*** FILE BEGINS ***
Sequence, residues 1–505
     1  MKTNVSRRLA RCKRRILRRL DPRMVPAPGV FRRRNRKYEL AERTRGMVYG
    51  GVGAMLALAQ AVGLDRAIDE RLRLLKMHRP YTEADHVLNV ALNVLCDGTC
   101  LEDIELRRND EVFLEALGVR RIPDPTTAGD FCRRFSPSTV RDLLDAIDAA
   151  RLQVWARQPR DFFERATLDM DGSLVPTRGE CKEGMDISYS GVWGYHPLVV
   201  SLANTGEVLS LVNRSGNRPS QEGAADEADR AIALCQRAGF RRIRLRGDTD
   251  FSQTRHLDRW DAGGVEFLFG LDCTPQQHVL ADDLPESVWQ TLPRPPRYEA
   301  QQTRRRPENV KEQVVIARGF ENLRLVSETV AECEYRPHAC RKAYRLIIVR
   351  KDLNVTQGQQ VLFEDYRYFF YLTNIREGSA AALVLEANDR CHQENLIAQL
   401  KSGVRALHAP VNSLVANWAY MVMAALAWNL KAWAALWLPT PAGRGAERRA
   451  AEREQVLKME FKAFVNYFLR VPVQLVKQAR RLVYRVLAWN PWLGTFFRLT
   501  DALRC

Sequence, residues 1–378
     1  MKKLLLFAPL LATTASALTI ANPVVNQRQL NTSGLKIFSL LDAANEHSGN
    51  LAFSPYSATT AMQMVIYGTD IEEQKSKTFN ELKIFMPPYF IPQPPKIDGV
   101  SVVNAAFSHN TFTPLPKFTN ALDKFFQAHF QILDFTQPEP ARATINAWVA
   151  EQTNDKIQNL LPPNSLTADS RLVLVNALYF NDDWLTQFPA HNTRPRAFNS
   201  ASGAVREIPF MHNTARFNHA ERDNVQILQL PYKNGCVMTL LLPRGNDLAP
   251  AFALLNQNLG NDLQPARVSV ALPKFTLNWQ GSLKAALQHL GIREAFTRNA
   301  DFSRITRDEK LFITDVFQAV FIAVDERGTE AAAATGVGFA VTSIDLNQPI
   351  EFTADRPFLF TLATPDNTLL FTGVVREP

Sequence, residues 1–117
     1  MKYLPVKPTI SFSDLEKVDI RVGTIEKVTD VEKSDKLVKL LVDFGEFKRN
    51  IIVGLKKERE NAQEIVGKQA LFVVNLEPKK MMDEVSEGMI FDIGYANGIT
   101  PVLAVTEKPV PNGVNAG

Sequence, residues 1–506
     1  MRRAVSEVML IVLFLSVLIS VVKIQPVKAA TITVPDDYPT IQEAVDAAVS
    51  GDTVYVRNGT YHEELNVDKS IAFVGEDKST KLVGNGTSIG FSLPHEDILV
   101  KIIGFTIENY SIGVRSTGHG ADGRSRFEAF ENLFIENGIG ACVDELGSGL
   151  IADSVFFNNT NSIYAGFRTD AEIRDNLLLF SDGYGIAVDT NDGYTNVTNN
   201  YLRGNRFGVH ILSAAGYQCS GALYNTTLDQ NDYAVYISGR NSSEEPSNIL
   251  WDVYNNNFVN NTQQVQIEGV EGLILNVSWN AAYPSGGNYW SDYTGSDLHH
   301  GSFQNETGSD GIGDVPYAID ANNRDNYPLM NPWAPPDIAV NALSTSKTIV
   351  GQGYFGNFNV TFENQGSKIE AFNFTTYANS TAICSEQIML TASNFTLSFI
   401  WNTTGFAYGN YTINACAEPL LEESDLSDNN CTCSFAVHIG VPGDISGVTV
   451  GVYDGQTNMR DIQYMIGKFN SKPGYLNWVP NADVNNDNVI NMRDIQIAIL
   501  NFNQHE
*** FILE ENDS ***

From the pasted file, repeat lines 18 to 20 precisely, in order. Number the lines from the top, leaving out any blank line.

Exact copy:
   201  ASGAVREIPF MHNTARFNHA ERDNVQILQL PYKNGCVMTL LLPRGNDLAP
   251  AFALLNQNLG NDLQPARVSV ALPKFTLNWQ GSLKAALQHL GIREAFTRNA
   301  DFSRITRDEK LFITDVFQAV FIAVDERGTE AAAATGVGFA VTSIDLNQPI